Articles Posted in Government Contracts

by
On remand from the United States Supreme Court, the Fourth Circuit held that the Government stated a claim under the False Claims Act (FCA), 31 U.S.C. 3729(a), against Triple Canopy. The Fourth Circuit reconsidered its earlier panel decision in light of Universal Health Services, Inc. v. United States ex rel. Escobar, 136 S.Ct. 1989 (2016), and held that the Government properly alleged an FCA claim -- that Triple Canopy knowingly presented false claims -- under section 3729(a)(1)(A). In this case, the Government sufficiently alleged falsity, and nothing in Universal Health undermines the Fourth Circuit's earlier conclusion that Triple Canopy's falsity was material. The Fourth Circuit reinstated those portions of its opinion that were not impacted by Universal Health, and remanded for further proceedings. View "United States ex rel. Badr v. Triple Canopy" on Justia Law

by
BBII filed suit against the City for breach of contract, alleging that the City unlawfully assessed liquidated damages against the company for failure to complete a construction project on time. This case involved two public works contracts entered into by the parties, in which BBII agreed to build certain parts of a wastewater treatment system aimed at reducing pollution in the Chesapeake Bay. The court agreed with the district court that BBII is not excused from the normal requirement of administrative exhaustion under Maryland law. The court rejected BBII's remaining claims and affirmed the district court's dismissal for lack of subject matter jurisdiction. View "Balfour Beatty Infrastructure v. Mayor and City Council of Baltimore" on Justia Law

by
Plaintiff filed a qui tam suit under the False Claims Act (FCA), 31 U.S.C. 3729-3733, and the state equivalents, alleging that Manor Care was overbilling the government for medical services. Plaintiff also alleged a separate claim of retaliation, claiming that he was terminated after he notified his employer of the alleged overbilling. Christine A. Ribik had previously filed a qui tam suit under seal in the Eastern District of Virginia on behalf of the United States against Manor Care. The court dismissed the complaint under the FCA's first-to-file rule. The court concluded that plaintiff has not managed to avoid the first-to-file bar simply by alleging additional facts relating to how Manor Care overbilled, even though some of those specific allegations were not mentioned in Ribik's complaint. The court also concluded that plaintiff's alternative argument, that his complaint should not be dismissed because the district court consolidated them with Ribik's, failed under the plain language of the FCA. Therefore, the district court properly determined that it lacked subject matter jurisdiction over plaintiff's qui tam action under the FCA. The court concluded, however, that the first-to-file rule has no relation to a claim for retaliation. Finally, the court concluded that the district court did not support its decision with any discussion or authority to establish that any of the states apply the FCA first-to-file rule, or its equivalent, to that state's statute. Therefore, the court affirmed in part, but vacated and remanded that part of the judgment concerning plaintiff's retaliation and state fraud claims. View "US ex rel. Carson v. Manor Care, Inc." on Justia Law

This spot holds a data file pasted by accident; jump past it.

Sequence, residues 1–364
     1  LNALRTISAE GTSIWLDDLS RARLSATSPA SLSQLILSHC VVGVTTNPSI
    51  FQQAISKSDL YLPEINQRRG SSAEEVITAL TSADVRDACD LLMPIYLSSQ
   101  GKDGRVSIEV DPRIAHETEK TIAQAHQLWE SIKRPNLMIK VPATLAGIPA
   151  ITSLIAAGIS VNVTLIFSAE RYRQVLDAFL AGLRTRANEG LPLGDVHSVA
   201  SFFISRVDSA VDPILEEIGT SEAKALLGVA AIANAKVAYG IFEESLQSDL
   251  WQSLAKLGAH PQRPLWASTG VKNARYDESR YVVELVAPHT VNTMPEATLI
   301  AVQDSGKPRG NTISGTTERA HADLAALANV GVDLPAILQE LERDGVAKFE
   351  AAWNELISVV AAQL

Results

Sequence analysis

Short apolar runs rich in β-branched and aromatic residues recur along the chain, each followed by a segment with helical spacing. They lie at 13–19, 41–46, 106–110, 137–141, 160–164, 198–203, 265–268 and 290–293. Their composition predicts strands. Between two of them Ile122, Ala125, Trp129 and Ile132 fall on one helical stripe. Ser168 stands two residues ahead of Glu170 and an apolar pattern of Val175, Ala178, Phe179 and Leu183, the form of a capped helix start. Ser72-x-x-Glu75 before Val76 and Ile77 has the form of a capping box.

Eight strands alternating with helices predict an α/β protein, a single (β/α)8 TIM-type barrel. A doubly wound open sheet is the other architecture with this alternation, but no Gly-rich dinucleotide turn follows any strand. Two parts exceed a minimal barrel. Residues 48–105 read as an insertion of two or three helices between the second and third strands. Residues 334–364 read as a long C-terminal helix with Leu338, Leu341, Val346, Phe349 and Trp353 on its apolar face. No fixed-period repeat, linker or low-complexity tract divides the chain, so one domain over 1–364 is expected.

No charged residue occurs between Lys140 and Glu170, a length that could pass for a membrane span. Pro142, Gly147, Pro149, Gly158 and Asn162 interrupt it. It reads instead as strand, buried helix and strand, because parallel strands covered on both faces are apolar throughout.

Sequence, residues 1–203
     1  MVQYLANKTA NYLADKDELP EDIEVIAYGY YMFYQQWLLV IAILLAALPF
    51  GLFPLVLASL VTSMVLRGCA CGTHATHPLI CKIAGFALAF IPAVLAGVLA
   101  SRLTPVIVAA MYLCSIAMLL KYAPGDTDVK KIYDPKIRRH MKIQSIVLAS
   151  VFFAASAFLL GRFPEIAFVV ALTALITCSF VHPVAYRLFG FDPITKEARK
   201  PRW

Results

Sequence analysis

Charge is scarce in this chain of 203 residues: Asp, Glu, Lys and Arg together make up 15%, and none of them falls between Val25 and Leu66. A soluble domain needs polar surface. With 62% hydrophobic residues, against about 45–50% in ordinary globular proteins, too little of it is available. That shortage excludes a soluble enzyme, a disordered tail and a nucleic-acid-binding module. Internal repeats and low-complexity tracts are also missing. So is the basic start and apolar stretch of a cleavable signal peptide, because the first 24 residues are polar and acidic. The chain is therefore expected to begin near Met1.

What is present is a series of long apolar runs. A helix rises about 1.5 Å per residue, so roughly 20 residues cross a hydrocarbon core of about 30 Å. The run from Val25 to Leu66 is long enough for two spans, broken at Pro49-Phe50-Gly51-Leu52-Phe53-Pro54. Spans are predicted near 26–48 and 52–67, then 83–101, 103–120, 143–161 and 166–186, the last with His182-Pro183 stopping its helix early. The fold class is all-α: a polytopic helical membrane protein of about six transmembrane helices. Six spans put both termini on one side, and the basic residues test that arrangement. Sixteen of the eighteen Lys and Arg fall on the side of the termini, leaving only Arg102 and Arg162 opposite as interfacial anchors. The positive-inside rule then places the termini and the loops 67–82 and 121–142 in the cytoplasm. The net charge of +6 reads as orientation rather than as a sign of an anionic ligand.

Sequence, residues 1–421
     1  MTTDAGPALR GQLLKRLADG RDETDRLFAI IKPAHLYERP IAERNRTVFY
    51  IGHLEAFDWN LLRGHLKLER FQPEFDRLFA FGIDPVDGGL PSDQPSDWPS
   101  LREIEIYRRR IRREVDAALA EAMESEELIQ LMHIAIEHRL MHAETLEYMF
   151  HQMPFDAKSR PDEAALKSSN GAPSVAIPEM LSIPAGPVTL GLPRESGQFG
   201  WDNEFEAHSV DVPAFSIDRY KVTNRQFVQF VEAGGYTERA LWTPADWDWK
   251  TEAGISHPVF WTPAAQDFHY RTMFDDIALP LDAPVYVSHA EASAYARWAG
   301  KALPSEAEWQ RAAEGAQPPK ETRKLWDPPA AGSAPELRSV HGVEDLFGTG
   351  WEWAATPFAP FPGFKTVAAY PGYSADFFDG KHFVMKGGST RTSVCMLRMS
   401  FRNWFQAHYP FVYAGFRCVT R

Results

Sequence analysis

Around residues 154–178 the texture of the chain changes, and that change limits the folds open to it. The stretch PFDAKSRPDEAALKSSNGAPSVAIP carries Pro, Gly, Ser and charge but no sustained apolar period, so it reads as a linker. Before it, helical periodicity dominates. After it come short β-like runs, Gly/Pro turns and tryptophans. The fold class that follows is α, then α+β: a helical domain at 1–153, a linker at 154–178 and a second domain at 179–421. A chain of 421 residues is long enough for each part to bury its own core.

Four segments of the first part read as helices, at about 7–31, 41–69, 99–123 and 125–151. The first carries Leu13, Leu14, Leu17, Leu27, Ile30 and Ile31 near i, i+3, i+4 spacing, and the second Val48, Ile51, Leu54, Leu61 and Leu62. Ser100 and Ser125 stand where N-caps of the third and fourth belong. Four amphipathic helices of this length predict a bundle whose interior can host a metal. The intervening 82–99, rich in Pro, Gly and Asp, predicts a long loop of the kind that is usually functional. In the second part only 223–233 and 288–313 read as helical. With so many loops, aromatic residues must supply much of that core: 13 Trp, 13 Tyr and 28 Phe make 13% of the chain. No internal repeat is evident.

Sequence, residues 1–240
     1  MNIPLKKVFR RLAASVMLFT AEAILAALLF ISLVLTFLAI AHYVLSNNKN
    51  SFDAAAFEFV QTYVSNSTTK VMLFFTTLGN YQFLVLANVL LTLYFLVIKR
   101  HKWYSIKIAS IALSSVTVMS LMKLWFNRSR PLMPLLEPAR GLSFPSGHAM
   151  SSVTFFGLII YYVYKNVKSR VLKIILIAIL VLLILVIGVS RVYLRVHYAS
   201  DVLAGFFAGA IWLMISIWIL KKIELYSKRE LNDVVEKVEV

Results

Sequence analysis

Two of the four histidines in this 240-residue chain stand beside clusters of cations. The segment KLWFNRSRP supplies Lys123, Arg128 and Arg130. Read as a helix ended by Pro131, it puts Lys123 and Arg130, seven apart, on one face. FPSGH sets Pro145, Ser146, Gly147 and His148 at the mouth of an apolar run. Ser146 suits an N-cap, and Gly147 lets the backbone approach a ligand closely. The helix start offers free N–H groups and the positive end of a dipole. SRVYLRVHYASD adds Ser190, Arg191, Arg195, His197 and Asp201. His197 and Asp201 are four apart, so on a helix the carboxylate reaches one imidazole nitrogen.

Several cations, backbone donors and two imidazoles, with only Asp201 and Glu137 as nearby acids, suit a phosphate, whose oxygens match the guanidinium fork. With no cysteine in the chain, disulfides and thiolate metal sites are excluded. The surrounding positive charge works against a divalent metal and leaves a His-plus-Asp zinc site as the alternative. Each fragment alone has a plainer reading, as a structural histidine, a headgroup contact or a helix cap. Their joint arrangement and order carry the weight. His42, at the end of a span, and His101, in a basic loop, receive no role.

by
This case arose more than fifteen years ago as a bid-rigging scheme conjured up by shipping businesses to defraud the United States. In the qui tam proceedings at issue, a jury returned a verdict in 2011 against the Gosselin defendants. Relators appealed, contesting the district court's refusal to award civil penalties. The court granted relief and remanded for further proceedings. On remand, the district court was called upon to resolve the issue of whether relator Kurt Bunk was entitled to recover his judgment from another defendant, Government Logistics N.V. (GovLog). As a preliminary issue, the court concluded that the Peacock v. Thomas principle is inapplicable here, and the district court’s exercise of supplemental jurisdiction over the successor corporation liability claim against GovLog was entirely appropriate. The court concluded that the district court properly declined to apply the substantial continuity test here. However, the district court erred by dismissing Bunk's successor corporation liability claim as insufficiently pleaded. Finally, the court concluded that the district court erred in making the summary judgment award to GovLog. Accordingly, the court vacated and remanded for further proceedings. View "US ex rel. Kurt Bunk v. Government Logistics N.V." on Justia Law

by
Plaintiff filed suit in Virginia state court against Appellants and others, alleging that plaintiff's husband, Bernard W. Ripley, was exposed to asbestos contained in products Appellants manufactured for the Navy, and that Appellants are liable for failure to warn of asbestos hazards. Appellants removed the case pursuant to the federal officer removal statute to the United States District Court for the Eastern District of Virginia. The district court remanded to state court, citing longstanding precedent in the district that denies the government contractor defense in failure to warn cases. However, given the weight of opposing precedent and the rationales supporting the defense, the court held that the government contractor defense is available in failure to warn cases. Accordingly, the court reversed and remanded for the district court to consider whether Appellants have presented sufficient proof to warrant removal pursuant to 28 U.S.C. 1442. View "Ripley v. Foster Wheeler LLC" on Justia Law

by